Piracy and counterfeiting is a huge issue in India. Steps are taken to improve it and many efforts and practices have been invented to protect material but at the same time it is tremendously neglected and not given enough importance in the nation. It is understandable that it cannot be fully removed in a democratic country like ours but through strict adherence of laws, monitoring of technology and cooperation it can be minimised and the industries can be saved from facing huge losses throughout the year. It is important to curb these problems and make India a successful democracy with a developing economy.

[1]Online Piracy in Numbers – Facts and Statistics [Infographic]. Retrieved 5 April 2020, from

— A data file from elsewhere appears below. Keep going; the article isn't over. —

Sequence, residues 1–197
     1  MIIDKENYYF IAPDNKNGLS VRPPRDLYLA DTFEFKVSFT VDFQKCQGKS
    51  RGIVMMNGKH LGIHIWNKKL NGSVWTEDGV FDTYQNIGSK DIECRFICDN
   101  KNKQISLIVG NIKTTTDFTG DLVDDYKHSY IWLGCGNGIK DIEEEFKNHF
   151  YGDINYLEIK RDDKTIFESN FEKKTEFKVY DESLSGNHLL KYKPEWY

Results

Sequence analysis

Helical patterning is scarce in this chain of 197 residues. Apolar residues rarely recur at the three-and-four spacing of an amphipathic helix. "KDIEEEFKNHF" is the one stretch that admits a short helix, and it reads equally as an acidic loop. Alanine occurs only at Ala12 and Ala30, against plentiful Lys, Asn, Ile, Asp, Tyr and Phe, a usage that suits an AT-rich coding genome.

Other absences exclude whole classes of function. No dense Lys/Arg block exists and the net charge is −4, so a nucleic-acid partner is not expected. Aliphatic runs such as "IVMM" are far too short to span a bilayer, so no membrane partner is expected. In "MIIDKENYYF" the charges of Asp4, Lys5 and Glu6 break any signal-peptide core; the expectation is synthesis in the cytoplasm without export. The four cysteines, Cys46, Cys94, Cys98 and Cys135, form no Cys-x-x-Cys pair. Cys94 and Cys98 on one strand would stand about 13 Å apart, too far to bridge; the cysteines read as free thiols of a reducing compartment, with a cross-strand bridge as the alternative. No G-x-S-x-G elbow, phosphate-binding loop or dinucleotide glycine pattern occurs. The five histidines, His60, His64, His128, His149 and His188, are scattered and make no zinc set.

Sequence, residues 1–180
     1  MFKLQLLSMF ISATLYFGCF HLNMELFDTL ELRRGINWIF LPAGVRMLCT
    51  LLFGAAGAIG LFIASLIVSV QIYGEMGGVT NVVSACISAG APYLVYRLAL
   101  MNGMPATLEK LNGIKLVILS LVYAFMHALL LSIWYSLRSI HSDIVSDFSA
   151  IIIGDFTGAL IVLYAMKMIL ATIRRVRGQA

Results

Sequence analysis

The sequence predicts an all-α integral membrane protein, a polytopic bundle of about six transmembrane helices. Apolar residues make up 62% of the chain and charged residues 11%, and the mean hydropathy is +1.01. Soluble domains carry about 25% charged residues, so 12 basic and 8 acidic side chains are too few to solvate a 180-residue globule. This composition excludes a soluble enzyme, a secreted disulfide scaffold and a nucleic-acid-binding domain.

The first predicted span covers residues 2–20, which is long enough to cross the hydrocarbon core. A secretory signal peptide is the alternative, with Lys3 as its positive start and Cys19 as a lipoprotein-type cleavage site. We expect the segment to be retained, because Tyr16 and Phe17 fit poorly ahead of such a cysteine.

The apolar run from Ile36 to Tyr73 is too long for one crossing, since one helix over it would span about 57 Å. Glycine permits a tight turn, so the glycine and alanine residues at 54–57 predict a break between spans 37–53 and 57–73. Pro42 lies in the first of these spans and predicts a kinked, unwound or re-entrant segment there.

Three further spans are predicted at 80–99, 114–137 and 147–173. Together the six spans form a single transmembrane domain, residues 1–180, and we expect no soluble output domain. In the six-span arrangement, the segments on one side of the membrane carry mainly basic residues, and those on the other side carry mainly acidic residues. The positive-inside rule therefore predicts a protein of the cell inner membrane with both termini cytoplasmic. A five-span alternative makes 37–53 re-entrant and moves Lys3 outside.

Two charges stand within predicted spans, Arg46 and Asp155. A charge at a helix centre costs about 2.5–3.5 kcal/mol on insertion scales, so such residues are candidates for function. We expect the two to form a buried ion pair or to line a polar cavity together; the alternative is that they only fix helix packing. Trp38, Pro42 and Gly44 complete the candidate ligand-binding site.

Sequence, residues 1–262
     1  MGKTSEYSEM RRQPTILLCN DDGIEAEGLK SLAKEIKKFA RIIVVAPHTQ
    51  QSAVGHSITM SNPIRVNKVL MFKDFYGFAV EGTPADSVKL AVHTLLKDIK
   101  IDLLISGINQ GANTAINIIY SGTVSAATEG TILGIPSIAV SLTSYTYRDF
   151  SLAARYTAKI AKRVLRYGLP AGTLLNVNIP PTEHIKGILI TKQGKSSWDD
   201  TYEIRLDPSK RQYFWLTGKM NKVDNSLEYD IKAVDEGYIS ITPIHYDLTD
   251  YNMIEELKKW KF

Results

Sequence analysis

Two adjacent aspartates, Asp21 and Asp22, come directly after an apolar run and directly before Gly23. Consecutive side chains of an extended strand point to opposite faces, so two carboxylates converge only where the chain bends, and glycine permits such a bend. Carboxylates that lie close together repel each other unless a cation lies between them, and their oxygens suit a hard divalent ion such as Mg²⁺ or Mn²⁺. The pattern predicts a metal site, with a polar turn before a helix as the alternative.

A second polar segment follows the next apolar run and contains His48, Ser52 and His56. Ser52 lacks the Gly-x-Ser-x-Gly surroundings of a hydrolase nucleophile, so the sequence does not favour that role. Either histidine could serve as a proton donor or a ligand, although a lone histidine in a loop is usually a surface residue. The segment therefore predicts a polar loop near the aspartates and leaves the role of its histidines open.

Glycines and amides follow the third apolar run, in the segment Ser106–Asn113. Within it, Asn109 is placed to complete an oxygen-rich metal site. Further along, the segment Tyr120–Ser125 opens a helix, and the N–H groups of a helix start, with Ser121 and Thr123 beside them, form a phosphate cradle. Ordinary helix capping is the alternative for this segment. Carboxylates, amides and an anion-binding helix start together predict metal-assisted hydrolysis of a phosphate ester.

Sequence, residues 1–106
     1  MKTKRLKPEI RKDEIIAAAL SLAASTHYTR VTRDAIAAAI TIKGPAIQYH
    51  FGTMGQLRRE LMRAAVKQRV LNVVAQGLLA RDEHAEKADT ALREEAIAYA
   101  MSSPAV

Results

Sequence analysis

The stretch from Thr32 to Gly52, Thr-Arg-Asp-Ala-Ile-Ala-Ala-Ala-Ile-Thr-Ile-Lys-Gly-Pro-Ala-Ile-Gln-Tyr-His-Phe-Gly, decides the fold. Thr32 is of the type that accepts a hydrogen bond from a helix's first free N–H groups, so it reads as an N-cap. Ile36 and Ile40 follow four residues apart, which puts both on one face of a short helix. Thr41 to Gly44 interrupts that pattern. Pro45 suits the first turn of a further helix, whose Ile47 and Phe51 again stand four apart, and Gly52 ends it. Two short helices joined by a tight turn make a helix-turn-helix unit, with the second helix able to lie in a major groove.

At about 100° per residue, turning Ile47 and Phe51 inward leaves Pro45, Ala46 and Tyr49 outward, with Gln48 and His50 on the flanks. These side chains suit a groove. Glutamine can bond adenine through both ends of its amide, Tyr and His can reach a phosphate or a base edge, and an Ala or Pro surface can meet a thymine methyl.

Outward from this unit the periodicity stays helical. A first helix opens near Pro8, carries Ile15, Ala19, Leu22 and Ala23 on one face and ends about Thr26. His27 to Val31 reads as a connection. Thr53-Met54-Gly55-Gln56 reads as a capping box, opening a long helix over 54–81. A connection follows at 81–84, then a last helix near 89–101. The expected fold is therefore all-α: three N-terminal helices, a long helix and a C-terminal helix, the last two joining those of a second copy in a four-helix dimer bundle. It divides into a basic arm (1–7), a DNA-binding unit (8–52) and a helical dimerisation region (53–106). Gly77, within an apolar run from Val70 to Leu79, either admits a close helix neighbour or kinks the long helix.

[2]counterfeiting. Retrieved 5 April 2020, from

[3]Internet piracy. Retrieved 5 April 2020, from

[4]Piracy Under International Law. Retrieved 5 April 2020, from

[5]Are Torrents Illegal? Update by Country 2020. (2020). Retrieved 5 April 2020, from

[6]UN (2020). Retrieved 5 April 2020, from

[7]Counterfeiting and piracy | IP Australia. Retrieved 5 April 2020, from

[8]Government introduces bill in Rajya Sabha to amend Cinematograph Act: Jail term, fine for film piracy. Retrieved 5 April 2020, from

[9]Copyright Rules, 1957. Retrieved 5 April 2020, from

[10]Information Technology Act, 2000. Retrieved 5 April 2020, from

[11]Indian Penal Code, 1860 Retrieved 5 April 2020, from

[12]Time Incorporated vs Lokesh Srivastava And Anr. on 3 January, 2005. Retrieved 5 April 2020, from

[13]Hero Honda Motors Limited vs Rafiq Memon on 28 February, 2012. Retrieved 5 April 2020, from